Near-term acceleration of hydroclimatic change in the western U.S.
Article first published online: 1 OCT 2013
©2013. American Geophysical Union. All Rights Reserved.
Journal of Geophysical Research: Atmospheres
Volume 118, Issue 19, pages 10,676–10,693, 16 October 2013
How to Cite
2013), Near-term acceleration of hydroclimatic change in the western U.S., J. Geophys. Res. Atmos., 118, 10,676–10,693, doi:10.1002/jgrd.50816., , , , , , , and (
- Issue published online: 30 OCT 2013
- Article first published online: 1 OCT 2013
- Accepted manuscript online: 7 SEP 2013 04:20PM EST
- Manuscript Accepted: 5 SEP 2013
- Manuscript Revised: 3 SEP 2013
- Manuscript Received: 30 JAN 2013
- NSF. Grant Number: 0955283
- DOE awards. Grant Numbers: 3ERKP777, DE-FG02-08ER64649, DE-SC0001483
- ORNL LDRD award. Grant Number: 32112413
- near-term projections;
- hydrological change;
- western United States;
- snow cover;
- hydrological modeling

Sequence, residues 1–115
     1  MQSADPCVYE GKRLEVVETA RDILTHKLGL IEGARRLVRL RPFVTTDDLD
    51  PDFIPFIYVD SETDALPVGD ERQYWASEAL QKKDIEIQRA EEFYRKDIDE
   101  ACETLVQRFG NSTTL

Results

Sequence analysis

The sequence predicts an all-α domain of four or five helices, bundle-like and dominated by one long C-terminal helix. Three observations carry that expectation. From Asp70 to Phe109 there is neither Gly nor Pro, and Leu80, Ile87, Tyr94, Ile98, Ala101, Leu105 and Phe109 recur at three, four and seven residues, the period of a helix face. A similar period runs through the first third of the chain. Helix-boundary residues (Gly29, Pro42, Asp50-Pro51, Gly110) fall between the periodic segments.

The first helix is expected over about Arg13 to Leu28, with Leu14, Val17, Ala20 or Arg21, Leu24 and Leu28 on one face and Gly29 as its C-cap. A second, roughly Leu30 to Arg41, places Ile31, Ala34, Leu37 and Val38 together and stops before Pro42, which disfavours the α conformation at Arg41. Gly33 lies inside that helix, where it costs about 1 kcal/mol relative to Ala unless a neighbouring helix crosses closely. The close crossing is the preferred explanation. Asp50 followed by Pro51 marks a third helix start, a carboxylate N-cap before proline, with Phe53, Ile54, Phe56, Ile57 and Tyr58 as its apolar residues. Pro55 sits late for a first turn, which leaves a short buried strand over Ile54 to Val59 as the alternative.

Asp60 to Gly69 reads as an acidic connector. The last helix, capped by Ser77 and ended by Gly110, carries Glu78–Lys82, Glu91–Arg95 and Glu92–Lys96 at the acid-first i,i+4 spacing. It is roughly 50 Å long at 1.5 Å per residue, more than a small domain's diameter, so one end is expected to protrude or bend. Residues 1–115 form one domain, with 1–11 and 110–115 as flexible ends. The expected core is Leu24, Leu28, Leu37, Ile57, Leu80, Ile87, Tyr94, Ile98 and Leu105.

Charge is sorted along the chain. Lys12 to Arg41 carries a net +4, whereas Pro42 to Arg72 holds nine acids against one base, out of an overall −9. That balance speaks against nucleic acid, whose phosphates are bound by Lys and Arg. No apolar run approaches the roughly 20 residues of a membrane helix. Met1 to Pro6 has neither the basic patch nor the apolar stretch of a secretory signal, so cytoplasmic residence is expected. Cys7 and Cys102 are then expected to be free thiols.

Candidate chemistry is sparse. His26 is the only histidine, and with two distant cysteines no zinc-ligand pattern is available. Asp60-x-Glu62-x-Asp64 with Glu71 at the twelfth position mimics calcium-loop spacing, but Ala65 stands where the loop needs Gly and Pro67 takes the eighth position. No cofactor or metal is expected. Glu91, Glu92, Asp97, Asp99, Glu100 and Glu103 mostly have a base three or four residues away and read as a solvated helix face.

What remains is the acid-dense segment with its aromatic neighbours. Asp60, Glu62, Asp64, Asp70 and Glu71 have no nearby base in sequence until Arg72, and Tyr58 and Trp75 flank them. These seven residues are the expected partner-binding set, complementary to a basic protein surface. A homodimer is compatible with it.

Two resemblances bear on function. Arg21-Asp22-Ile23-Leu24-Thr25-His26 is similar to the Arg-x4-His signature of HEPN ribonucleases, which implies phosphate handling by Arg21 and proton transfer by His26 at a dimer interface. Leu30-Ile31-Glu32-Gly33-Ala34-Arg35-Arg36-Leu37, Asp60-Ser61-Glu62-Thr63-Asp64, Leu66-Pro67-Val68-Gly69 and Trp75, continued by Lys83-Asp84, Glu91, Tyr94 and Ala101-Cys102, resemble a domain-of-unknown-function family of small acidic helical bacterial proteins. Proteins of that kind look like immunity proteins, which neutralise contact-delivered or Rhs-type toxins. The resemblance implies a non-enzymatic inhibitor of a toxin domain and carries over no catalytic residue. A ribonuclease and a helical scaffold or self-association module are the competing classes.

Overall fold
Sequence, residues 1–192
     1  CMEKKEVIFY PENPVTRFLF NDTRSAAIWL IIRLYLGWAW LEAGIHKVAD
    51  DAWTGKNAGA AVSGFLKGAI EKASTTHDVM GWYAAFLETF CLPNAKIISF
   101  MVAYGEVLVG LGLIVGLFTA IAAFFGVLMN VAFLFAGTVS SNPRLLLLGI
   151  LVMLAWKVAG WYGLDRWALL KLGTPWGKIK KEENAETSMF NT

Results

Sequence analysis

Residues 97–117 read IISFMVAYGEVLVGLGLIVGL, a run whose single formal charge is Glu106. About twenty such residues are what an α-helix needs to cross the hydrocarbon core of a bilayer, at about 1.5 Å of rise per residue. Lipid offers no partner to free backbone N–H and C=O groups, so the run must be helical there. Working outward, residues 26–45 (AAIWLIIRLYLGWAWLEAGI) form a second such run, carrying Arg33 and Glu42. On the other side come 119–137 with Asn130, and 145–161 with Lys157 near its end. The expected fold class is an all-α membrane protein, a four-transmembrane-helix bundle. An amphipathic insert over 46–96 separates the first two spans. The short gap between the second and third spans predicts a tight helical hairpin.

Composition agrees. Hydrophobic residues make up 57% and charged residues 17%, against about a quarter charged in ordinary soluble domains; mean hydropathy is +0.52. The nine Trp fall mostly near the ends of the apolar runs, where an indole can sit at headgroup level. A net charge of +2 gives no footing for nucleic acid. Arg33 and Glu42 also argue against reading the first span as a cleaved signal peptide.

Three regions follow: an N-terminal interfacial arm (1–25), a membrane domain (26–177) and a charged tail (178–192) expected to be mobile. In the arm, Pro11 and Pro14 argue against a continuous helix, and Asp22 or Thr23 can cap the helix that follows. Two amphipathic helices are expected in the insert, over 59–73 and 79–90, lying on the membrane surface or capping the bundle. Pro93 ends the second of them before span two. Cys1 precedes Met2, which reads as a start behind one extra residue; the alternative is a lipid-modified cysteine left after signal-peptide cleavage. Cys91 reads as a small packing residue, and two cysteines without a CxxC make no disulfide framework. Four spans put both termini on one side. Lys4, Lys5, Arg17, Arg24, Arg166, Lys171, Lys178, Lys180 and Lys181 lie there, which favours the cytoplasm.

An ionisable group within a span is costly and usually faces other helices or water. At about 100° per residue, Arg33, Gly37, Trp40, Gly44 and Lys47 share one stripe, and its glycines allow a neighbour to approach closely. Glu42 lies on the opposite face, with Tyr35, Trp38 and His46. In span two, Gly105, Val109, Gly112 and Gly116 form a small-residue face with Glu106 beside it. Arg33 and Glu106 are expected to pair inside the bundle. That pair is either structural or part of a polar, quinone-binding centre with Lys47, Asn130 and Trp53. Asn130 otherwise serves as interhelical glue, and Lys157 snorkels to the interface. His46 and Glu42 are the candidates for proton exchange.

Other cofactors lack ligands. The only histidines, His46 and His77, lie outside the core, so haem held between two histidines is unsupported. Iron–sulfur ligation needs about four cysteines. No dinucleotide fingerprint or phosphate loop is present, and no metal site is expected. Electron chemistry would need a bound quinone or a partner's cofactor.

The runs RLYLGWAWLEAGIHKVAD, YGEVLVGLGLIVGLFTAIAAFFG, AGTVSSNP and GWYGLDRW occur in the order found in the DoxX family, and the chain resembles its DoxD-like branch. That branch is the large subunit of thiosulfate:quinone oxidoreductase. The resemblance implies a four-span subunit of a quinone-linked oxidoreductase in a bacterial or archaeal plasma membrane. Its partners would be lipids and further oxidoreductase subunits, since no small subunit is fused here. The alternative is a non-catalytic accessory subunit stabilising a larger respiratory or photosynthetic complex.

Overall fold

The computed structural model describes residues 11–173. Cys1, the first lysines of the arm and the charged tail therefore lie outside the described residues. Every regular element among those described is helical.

Given its large population, vigorous and water-intensive agricultural industry, and important ecological resources, the western United States presents a valuable case study for examining potential near-term changes in regional hydroclimate. Using a high-resolution, hierarchical, five-member ensemble modeling experiment that includes a global climate model (Community Climate System Model), a regional climate model (RegCM), and a hydrological model (Variable Infiltration Capacity model), we find that increases in greenhouse forcing over the next three decades result in an acceleration of decreases in spring snowpack and a transition to a substantially more liquid-dominated water resources regime. These hydroclimatic changes are associated with increases in cold-season days above freezing and decreases in the cold-season snow-to-precipitation ratio. The changes in the temperature and precipitation regime in turn result in shifts toward earlier snowmelt, base flow, and runoff dates throughout the region, as well as reduced annual and warm-season snowmelt and runoff. The simulated hydrologic response is dominated by changes in temperature, with the ensemble members exhibiting varying trends in cold-season precipitation over the next three decades but consistent negative trends in cold-season freeze days, cold-season snow-to-precipitation ratio, and 1 April snow water equivalent. Given the observed impacts of recent trends in snowpack and snowmelt runoff, the projected acceleration of hydroclimatic change in the western U.S. has important implications for the availability of water for agriculture, hydropower, and human consumption, as well as for the risk of wildfire, forest die-off, and loss of riparian habitat.